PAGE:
What is it that makes learning from projects so elusive? This article posits that culture has a significant influence. Presented here are the most common challenges to learning identified in industry and academia—reframed as cultural issues—alongside practical recommendations for overcoming them.
Sign in a Bicycle Repair Shop
Many of you have heard this one: “Sign in a bicycle repair shop – Fast, Cheap, Good: Pick Two.” This is about the pressures on project managers. I heard this analogy during a very well-run seminar in project management that I attended years ago. I’ve never forgotten it because it sums things up so well. How do managers determine what’s important when new requirements or other outside influences produce pressure? Can we reduce functionality and keep the schedule? Is quality important? What is the minimum we need to deliver by the due date? Must we stay within the original budget? Can we add more resources and cost?
Then there’s the issue of the definition of some of these terms. What is quality? This always has at least a partly situational answer. Quality on some projects is simply costly overengineering on others. Do we really understand the requirements for quality, functionality, budget and schedule? If any of these things is undocumented at crunch time, because “everybody just knows,” this is a good time to document the critical requirements quickly so that you can be certain there is a clear understanding.
Thomas Edison: Project Manager
So often the initial answer at crunch time is that there is no flexibility – “We need everything we asked for by the original date for the original cost with no latent defects (bugs).” This is usually a bluff. In a critical situation it is very often the case that the flexibility lies in the budget. An old case in point comes to mind.
There is a story that they tell you when you visit Thomas Edison’s West Orange, New Jersey, Laboratory, now a museum. It seems that Edison was first to market with his phonograph, and it was doing well in the marketplace. A competitor began to advertise a product that would leapfrog the Edison product once it became available in the near future. While Edison was working with a team on the next Edison model, his original schedule would not bring it to market soon enough to avoid losing market share to the competitor. Edison’s response was consistent with his belief that “genius is 90% perspiration and 10% inspiration.” He and his team worked day and night, sleeping at the lab, until the new model was ready for market, beating the newcomer and saving market position. This was a heroic effort indeed; people will do things like this when the mission is crystal clear and the leader inspirational. Most of us don’t live with this much clarity.
What’s the Purpose?
Knowing what mission--the purpose--of your project is of critical importance. (Edison’s team knew exactly what was at stake--and/or Edison was a slave driver!) For example, what is the result of missing your deadline by months? Would there be a major loss of dollars? Lives? Would your company suffer horribly? Would people lose their jobs? If a project is not of critical importance, the schedule is the first place to look for relief, followed by functionality (the reverse of these priorities can easily be argued). However if the project is of critical importance, it is the budget that must be tested. In Edison’s case he and his team contributed personal resources to the budget, and I imagine there where other costs associated with pulling in the schedule as well. There was too much at stake to do otherwise.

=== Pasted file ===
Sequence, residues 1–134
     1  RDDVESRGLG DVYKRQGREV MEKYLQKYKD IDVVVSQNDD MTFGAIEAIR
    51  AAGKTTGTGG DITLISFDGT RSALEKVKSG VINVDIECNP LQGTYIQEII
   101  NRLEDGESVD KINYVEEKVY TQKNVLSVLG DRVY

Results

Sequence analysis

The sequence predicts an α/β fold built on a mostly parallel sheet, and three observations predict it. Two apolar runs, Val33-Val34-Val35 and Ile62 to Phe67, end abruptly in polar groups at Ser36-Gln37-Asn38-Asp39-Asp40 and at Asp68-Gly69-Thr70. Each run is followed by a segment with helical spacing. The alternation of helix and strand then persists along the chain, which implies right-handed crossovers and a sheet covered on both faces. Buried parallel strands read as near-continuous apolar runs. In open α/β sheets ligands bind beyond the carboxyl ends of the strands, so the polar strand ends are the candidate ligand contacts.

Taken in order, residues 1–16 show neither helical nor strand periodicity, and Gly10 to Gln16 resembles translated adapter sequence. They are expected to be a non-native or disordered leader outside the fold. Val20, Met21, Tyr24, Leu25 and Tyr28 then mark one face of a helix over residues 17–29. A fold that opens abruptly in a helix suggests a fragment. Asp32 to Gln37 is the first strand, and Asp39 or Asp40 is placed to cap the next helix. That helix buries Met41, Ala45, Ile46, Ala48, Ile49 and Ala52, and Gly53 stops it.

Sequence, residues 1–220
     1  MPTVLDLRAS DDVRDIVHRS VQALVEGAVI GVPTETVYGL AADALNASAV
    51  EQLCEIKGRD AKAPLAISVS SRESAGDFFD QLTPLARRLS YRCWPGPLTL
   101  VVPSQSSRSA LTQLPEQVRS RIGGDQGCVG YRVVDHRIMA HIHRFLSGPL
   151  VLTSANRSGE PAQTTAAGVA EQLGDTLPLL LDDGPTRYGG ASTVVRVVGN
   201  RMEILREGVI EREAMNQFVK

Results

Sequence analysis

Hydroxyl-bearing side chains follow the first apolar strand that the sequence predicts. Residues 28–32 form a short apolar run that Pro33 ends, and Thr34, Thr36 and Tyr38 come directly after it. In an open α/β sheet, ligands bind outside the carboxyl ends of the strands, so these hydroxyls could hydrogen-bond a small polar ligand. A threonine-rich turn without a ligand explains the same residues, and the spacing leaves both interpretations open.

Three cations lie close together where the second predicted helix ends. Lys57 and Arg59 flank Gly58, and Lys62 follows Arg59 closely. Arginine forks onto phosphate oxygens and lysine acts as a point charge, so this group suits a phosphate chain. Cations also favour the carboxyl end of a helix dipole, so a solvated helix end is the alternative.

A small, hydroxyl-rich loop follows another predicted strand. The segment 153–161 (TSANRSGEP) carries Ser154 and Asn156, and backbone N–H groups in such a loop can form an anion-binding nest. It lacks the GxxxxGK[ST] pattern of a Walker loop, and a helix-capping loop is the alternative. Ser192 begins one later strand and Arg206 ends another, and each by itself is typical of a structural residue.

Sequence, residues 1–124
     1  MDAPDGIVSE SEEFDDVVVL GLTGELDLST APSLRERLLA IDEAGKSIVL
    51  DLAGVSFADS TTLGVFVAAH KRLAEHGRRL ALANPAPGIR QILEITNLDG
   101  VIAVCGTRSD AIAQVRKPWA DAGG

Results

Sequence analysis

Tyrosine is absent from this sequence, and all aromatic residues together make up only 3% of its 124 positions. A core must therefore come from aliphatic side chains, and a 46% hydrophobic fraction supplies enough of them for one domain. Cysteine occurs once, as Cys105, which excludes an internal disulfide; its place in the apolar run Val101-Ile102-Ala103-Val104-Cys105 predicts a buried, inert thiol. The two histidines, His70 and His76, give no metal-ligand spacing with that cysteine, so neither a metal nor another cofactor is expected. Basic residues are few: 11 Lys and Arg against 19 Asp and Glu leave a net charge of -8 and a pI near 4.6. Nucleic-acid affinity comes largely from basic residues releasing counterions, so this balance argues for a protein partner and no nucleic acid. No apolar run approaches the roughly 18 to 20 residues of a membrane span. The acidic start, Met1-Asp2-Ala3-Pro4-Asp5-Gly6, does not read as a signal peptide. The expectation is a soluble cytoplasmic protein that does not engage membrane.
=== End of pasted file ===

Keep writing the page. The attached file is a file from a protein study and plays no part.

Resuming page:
Review the Situation. No Time? Do It Anyway!
When projects come under pressure, it is good practice to review the project quickly from two viewpoints:
Are we doing the right things?: Are the requirements well understood? Is there anything that can be cut out with little or no impact? You run the risk of overengineering if the specific requirements for quality are not understood.
Are we doing things right?: Is the project well-managed? Is the pace of completion in keeping with the schedule? Are we using measurements such as earned value that truly reflects percentage completion? In other words, do we know where we are in the plan? And most importantly, do we understand the purpose and importance of our project well enough to make decisions so that what is important is completed on time?
When great demands are put on an already stressed team, it will seem impossible to stop for a review. That’s exactly when and why a review must be done. The review should be looking for a way to accommodate the new requirements without compromising anything of importance. If the team can’t be objective, have a team from your Project Support office do a review or call in an outside team, but – do it anyway do it now. Don’t “suck it up” and try to get the new work done with the same resources, approach and schedule. If you are going to use Edison’s approach (ill-advised for most of us, by the way), you must recognize that the resources are coming from you and your team, and there will be a price to pay--sometimes a very high price. Heroic efforts are always expensive.
There was another sign in the bicycle repair shop: “Hourly rate - $35. If you watch, $45. If you help, $60.” This illustrates that one option when projects come under pressure is to reduce the size of the team rather than adding resources. This can free and empower the real experts at the core of you team. It just goes to show that the best solution is not always the most obvious one. During the review, a healthy dose of out-of-the-box thinking will go a long way. A keen appreciation of what’s at stake will help encourage this. I imagine Edison used this approach – great leaders generally do.
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